Menstrual Wellbeing Education

Ehlers Danlos Syndrome (EDS) – following the success of our work advocating for endometriosis patients, we are now planning on turning our attention to EDS, for which diagnosis and access to treatment are similarly poor and which many patients feel are largely down to gender prejudice.

Perinatal mental health – this is something about which our founder and CEO feels very strongly, having suffered herself for many years with mental health issues arising during pregnancy. FTWW takes every opportunity to advocate for the importance of improved education and specialist provision for those women in Wales affected, and is on a number of committees concerned with the issue.

Autism Spectrum Disorder (ASD) – FTWW works in close partnership with Autistic UK and the Autistic Women’s Empowerment Project to help make the case for improved recognition of the many girls and women on the spectrum. As a result of the diagnostic model being based on how males present with symptoms, countless girls and women are slipping through the net. FTWW and its partners continue to fight for change in attitudes which are responsible for such inequality, and are involved with the implementation of the new Wales Integrated Autism Service.

In General – FTWW is working with a number of agencies across the UK and in Wales to address the health inequalities being experienced by girls and women, irrespective of the specific condition / illness / disorder. These include the Board of Community Health Councils, and the Bevan Commission. We are actively contributing to the work being done by Public Health Wales to reduce inequalities and adverse childhood experiences often encountered by girls and / or the offspring of women with chronic health complaints. In addition, FTWW continues to participate in the development and delivery of new legislation in Wales which puts well-being, and citizens’ voices, at the forefront.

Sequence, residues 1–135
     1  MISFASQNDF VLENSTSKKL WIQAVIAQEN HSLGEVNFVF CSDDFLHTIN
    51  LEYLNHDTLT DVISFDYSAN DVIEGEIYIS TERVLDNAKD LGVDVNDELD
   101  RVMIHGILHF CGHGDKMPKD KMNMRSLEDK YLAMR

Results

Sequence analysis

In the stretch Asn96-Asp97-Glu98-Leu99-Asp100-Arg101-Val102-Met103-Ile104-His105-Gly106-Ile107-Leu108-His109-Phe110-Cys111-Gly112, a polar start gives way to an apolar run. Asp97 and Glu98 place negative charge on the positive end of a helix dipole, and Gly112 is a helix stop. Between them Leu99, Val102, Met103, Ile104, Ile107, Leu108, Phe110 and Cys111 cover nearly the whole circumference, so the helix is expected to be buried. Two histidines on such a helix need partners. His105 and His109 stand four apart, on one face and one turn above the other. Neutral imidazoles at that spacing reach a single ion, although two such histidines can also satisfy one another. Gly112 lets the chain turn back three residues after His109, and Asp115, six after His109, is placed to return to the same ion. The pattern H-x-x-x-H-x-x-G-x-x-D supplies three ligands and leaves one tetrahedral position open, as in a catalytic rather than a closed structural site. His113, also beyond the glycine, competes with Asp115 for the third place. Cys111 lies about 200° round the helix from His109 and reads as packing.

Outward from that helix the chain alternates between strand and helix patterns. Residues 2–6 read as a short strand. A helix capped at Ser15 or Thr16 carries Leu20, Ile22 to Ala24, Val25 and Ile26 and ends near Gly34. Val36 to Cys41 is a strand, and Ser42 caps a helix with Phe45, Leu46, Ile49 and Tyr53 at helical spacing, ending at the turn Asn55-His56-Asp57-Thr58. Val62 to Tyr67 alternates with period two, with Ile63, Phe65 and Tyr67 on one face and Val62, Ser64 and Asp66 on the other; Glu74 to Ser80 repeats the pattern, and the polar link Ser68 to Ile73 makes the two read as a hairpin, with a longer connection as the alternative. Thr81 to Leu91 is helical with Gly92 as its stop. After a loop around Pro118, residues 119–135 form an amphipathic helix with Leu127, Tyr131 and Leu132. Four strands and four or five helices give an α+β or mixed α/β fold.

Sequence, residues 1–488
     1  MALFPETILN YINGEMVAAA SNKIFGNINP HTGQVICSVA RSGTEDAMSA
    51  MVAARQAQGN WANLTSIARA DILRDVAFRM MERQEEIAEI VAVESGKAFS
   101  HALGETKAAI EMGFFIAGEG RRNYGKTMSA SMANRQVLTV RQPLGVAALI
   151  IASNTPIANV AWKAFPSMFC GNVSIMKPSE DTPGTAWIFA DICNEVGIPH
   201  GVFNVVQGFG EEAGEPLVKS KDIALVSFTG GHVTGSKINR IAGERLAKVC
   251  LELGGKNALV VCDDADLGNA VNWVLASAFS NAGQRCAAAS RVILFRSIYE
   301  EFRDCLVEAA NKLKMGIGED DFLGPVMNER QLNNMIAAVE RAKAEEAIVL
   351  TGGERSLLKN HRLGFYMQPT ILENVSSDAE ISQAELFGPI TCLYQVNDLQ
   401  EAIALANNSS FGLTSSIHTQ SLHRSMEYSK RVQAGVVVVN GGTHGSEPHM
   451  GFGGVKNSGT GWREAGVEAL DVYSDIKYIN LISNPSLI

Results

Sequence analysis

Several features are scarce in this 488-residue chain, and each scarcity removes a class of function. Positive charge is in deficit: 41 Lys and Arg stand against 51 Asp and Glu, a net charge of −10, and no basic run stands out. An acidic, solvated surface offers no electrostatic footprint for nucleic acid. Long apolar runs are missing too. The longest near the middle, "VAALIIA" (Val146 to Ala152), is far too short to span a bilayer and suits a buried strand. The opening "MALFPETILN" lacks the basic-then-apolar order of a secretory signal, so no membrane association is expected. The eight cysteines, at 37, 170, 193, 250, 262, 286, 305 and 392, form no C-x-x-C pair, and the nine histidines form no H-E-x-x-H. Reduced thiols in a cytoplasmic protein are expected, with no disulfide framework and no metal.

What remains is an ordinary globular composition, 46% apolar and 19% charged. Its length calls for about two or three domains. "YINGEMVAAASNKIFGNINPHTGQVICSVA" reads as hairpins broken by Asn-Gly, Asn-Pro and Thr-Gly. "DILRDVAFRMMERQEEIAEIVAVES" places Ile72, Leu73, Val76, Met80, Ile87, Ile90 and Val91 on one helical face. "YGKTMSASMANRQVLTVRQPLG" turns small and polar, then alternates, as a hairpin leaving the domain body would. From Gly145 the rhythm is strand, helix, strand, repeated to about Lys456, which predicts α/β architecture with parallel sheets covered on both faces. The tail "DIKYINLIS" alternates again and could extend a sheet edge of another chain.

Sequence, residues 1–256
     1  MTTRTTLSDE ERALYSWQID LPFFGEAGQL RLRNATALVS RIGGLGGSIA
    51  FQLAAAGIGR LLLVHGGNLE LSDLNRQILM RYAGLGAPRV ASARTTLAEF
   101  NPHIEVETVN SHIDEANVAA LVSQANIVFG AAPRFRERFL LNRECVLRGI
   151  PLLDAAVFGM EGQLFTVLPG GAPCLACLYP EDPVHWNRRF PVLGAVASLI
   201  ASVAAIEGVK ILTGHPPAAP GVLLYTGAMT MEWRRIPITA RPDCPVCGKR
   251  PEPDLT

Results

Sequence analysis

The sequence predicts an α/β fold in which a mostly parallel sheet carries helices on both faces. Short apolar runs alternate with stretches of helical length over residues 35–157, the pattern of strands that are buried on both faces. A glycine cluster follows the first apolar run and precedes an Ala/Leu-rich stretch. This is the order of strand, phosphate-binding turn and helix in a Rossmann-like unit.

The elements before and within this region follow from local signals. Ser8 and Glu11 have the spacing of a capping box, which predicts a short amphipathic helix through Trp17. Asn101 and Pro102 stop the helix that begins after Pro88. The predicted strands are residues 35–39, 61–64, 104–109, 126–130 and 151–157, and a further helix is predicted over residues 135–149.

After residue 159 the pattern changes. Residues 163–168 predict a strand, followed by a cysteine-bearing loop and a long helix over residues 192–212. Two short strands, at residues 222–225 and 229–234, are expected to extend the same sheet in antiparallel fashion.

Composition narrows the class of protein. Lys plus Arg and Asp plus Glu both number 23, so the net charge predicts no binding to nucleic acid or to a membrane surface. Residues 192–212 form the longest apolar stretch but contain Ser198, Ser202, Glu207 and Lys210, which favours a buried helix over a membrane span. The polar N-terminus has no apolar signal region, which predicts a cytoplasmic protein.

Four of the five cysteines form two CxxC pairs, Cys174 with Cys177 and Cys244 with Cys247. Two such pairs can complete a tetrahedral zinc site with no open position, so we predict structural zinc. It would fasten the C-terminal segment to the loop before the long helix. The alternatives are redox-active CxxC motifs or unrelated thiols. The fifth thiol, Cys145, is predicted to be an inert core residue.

For a full list of those agencies with which FTWW is, or has been involved, please see our Partnership and Collaboration page.

We have successfully completed training with the Equality and Human Rights Commission (EHRC) in Wales to enhance our knowledge of the Equality Act 2010, and how this can aid us in identifying and tackling discrimination against women with chronic illness in the workplace. We have also undertaken training in independent advocacy at Wrexham Glyndwr University, and can now provide this service bi-lingually.

Right now we are in the process of collating another report, the focus of which will be the ways in which many women’s health issues are not adequately represented, diagnosed, or treated in Wales. We are also working to develop a patient empowerment programme for the benefit of girls and women who feel they lack the confidence to speak up in clinical settings, something which prohibits them from playing an active role in decision-making and their own well-being.